As the White House steps up the making of its case for toppling Iraqi President Saddam Hussein, it will argue the United States has what might be called residual authorization.
The idea is there's a leftover "go" from the Gulf War and from congressional action in the days following the Sept. 11 attacks.
President Bush already has all the legal and moral authorization he needs to attack Iraq, the executive thinking goes, because Mr. Hussein never complied with the Gulf War's terms of surrender, and because defensive measures adopted after Sept. 11 apply to a developer and user of weapons of mass destruction. Therefore no new Congressional authorization nor any United Nations Security Council resolution is necessary.
But that position is causing alarm in Congress and among legal experts, renewing a debate over presidential war powers that is nearly as old as the American republic itself.
The White House emphasizes that President Bush might yet seek authorization from Congress out of national interest and as a way to back a war with unity. In the administration's most forceful case yet for regime change in Iraq, Vice President Dick Cheney said in a speech Monday that the administration would consult both Congress and America's allies.
Yet the claim that there is no legal necessity for Congress to authorize a war against Iraq appears designed to carve out a precedent-setting freedom of action for the president. Already it's an opinion that even some White House allies view dimly.
"The White House should be mindful of the important distinction between what the president can do, and what he ought to do," said Henry Hyde, chairman of the House Committee on International Relations, in a statement Monday. Noting he agrees with the analysis that the Bush administration is not obliged to seek approval to take action, he also warned that "any policy undertaken by the president without a popular mandate from Congress risks its long-term success."
But other Republicans and many legal scholars go a step farther. "The administration's position is simply wrong," says Michael Glennon, a professor of international law at Tufts University's Fletcher School of Law and Diplomacy in Medford, Mass. He says there's no doubt that congressional authorization for the 1991 Gulf war was "extinguished" the day Iraq signed terms of a ceasefire whether it complied with the terms of cessation of hostilities or not.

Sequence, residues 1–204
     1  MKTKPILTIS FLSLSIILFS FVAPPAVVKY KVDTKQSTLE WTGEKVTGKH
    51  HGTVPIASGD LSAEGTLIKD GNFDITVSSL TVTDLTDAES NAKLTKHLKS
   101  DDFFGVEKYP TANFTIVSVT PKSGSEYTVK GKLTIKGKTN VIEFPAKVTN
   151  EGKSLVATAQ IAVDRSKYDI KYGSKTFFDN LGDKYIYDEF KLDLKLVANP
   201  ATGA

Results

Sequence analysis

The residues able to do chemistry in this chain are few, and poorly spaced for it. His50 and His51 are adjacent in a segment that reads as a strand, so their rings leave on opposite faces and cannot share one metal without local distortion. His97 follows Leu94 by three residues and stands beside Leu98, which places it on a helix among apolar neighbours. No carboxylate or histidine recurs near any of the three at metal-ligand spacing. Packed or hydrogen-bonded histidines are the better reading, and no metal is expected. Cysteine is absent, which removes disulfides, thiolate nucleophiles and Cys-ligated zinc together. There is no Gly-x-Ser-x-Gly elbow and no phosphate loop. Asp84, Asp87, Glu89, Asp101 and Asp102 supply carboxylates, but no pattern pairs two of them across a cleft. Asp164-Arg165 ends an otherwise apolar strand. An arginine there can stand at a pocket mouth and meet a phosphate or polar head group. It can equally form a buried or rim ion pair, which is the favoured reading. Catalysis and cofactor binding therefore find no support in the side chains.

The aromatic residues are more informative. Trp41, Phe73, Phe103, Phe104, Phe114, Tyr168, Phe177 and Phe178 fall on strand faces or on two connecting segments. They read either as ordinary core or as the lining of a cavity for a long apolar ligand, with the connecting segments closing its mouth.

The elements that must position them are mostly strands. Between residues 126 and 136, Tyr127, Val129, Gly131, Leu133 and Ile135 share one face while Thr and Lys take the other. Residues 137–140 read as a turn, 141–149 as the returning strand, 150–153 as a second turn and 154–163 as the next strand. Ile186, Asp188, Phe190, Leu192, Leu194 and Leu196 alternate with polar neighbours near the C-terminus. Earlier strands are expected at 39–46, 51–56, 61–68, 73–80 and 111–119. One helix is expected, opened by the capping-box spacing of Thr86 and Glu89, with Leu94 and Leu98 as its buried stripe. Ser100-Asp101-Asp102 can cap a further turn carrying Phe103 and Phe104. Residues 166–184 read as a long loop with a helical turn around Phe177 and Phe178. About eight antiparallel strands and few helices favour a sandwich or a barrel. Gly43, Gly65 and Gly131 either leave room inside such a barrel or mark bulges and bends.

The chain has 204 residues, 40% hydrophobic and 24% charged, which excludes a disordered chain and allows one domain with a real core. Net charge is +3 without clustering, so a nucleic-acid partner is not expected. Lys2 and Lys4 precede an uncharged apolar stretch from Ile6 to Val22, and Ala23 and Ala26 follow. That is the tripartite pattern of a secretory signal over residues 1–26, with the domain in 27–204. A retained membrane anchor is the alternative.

Sen. Arlen Specter (R) of Pennsylvania argues that in an "emergency," the president as commander-in-chief can act unilaterally, but that in this case there is time for Congress to make and make the final decision.
As for the Bush administration argument that Iraq is covered by last September's congressional vote that authorized the president to act against perpetrators of the terrorist attacks, Professor Glennon says, "That argument may be correct, but only if Iraq can be linked to events of Sept. 11."
Vice President Cheney's speech, before a convention of the Veterans of Foreign Wars in Nashville, appeared designed to accomplish two tasks: give firm ground to the Bush argument for a right to preemptive action against regimes or organizations seeking weapons of mass destruction; and quiet the dissenting voices from within the president's own party as well as principal figures involved in the Gulf War.
Arguing the case for preemptive action against Mr. Hussein, Cheney said Hussein would possess nuclear weapons "fairly soon" if left on his current course.
But legal experts say those concerns do not override constitutional requirements for the president to seek congressional authorization for war.
"I cannot imagine why the administration is asserting this singular power, except that it sees this as an opportunity to assert a constitutional position," says Roger Pilon, director of the Center for Constitutional Studies at the Cato Institute in Washington. "The president is probably obligated to get Congressional authority because the mere commander-in-chief function does not entail waging war on his own initiative," Mr. Pilon says.
Some observers, and even Republican leaders, say that despite the Cheney speech, which argued that regime change in Iraq would "benefit the region," unease about the administration's actions will continue until the president himself makes the case for attacking Iraq. The White House says administration officials will participate in a second round of Congressional hearings on Iraq next month.